Incumbency rules! – in lithography as elsewhere.

We were discussing the latest in lithography that were the subject of blogs by yours truly and Chris Mack. I was opining that there is a well establishes tradition in the industry that we whine about the cost and difficulty of each new technology, learn to live with it and then embrace it even if alternatives appear.

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by Michael P.C. Watts

If double patterning gets established is it just a stop gap until EUV ? This was the entertaining subject at coffee with my editor at semimd (the great thing about writing a free blog is that you get to buy your own coffee when you meet – and yes, we need to find something more fun to talk about !)

We were discussing the latest in lithography that were the subject of blogs by yours truly and Chris Mack. I was opining that there is a well establishes tradition in the industry that we whine about the cost and difficulty of each new technology, learn to live with it and then embrace it even if alternatives appear. It seems inevitable that the industry will embrace double patterning for at least one node. I suspect that once the psychological barrier of double patterning has been overcome, defect densities will been driven down, we will learn to live with the challenges, and the reality of scaling will sink in. Double patterning will roughly double the cost of lithography, but will enable 4 x in transistor count. There will still be a cost advantage to shrinking, just not as much of an advantage as in the past. This same scaling will apply to triple and quad patterning.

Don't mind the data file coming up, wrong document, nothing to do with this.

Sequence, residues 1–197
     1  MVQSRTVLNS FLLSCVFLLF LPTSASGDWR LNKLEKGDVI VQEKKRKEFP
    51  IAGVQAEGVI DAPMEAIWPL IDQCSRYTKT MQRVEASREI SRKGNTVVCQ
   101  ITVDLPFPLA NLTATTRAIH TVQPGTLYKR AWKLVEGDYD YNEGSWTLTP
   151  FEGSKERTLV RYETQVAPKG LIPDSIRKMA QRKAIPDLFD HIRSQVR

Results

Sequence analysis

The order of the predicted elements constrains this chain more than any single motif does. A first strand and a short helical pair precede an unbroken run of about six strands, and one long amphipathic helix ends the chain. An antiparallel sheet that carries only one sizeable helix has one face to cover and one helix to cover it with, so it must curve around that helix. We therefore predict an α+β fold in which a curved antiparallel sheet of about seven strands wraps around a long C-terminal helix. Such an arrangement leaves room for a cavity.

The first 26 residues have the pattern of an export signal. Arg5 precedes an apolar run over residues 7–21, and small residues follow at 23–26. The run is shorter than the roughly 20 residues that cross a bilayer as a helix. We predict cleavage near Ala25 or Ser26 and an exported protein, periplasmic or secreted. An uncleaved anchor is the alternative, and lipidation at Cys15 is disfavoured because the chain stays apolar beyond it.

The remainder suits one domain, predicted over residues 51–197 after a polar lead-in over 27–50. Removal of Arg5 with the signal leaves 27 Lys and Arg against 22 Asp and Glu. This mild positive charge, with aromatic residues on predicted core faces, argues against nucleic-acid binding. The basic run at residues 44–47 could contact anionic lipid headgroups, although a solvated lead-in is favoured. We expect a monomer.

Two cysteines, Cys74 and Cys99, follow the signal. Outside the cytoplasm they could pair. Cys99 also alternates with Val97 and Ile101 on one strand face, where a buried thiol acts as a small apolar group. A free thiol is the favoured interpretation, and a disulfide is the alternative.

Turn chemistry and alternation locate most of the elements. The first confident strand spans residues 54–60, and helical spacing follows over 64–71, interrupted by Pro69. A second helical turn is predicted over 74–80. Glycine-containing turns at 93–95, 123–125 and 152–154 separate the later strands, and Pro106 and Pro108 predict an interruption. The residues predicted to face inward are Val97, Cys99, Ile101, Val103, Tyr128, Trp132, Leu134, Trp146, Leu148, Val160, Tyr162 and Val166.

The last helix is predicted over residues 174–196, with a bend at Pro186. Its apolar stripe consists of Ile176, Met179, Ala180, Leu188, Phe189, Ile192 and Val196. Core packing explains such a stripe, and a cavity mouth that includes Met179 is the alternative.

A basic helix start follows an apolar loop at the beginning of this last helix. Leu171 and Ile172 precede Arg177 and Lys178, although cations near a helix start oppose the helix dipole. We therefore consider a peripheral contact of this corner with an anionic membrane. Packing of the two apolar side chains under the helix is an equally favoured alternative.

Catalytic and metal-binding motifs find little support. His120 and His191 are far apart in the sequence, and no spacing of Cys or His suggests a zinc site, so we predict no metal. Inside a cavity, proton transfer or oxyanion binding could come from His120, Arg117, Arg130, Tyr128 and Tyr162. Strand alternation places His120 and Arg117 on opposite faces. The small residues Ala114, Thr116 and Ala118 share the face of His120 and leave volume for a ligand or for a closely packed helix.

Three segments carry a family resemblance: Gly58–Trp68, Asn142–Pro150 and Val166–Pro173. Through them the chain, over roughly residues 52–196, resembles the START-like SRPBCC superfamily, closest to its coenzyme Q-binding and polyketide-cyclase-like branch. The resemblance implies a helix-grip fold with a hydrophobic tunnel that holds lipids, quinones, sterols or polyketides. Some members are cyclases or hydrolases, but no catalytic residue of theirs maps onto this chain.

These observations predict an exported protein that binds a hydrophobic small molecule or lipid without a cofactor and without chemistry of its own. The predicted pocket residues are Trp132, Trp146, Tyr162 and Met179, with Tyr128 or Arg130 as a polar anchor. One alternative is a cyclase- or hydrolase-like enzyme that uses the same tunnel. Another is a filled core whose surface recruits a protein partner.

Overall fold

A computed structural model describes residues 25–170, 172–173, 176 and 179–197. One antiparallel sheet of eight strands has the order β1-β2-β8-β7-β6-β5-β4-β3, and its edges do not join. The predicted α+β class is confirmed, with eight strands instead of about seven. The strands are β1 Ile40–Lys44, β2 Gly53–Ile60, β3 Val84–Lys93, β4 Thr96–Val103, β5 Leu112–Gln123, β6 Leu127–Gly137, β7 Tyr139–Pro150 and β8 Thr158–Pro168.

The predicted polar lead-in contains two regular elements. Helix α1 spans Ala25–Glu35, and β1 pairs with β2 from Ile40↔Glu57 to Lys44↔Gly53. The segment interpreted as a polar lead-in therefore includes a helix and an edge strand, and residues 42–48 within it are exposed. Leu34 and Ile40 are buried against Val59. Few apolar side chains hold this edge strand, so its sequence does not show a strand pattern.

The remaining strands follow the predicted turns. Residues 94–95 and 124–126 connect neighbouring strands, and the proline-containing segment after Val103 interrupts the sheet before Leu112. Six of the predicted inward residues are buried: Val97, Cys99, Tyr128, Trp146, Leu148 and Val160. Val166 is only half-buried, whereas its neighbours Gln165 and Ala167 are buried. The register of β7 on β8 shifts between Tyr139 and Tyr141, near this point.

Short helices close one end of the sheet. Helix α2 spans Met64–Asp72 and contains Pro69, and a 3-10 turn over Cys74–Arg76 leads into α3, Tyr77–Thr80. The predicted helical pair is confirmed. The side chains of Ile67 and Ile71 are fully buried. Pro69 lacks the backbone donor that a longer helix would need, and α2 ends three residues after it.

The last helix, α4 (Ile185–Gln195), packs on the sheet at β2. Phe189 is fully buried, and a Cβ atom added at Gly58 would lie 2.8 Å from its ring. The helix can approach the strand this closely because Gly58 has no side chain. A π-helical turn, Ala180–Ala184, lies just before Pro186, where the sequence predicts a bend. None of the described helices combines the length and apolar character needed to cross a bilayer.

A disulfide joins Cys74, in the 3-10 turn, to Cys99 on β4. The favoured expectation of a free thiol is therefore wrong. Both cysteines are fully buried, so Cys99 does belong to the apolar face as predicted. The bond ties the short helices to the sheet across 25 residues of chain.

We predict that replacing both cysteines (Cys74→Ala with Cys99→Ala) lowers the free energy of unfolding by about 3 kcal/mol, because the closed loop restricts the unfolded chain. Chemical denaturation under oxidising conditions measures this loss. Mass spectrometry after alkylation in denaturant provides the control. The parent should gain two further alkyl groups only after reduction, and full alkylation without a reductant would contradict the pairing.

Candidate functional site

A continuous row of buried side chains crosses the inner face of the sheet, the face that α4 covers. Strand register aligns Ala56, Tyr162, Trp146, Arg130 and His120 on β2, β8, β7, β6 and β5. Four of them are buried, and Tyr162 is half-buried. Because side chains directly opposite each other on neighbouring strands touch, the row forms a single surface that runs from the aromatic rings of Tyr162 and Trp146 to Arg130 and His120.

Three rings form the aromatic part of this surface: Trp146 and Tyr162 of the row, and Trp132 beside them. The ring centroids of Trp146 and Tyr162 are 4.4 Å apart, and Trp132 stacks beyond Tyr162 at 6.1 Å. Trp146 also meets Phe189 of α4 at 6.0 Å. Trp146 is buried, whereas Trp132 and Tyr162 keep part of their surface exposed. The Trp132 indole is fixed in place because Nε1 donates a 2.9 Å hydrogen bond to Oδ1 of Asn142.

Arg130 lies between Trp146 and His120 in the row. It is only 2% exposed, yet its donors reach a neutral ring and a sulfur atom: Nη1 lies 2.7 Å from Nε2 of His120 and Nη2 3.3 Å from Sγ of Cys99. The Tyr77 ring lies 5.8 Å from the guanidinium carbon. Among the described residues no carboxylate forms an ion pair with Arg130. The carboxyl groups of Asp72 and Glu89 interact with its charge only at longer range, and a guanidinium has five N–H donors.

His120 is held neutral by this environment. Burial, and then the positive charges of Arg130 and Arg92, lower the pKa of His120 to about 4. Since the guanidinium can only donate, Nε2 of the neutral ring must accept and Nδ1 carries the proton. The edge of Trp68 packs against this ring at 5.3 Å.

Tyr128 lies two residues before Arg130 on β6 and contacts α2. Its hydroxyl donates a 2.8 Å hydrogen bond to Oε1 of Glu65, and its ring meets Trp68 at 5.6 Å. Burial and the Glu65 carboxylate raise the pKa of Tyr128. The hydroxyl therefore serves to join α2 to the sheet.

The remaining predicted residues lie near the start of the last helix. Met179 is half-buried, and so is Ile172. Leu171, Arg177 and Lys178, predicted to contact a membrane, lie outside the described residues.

Industry traditionally has always favored incumbency over new risks- just look at the history of optical lithography whose demise has been predicated for 30 years. I suspect that once double patterning is accepted it will be very difficult for any alternative with any new risks to break in.

About the Author

Mike Watts has been patterning since 1 um was the critical barrier, in other words for a longtime. I am a tall limey who is failing to develop a Texas accent here in Austin. I have a consulting shingle at www.impattern.com.

My blog “ImPattering” will focus on the latest developments in the business and technology of patterning. I am particularly interested in trying to identify how the latest commercial applications evolve.


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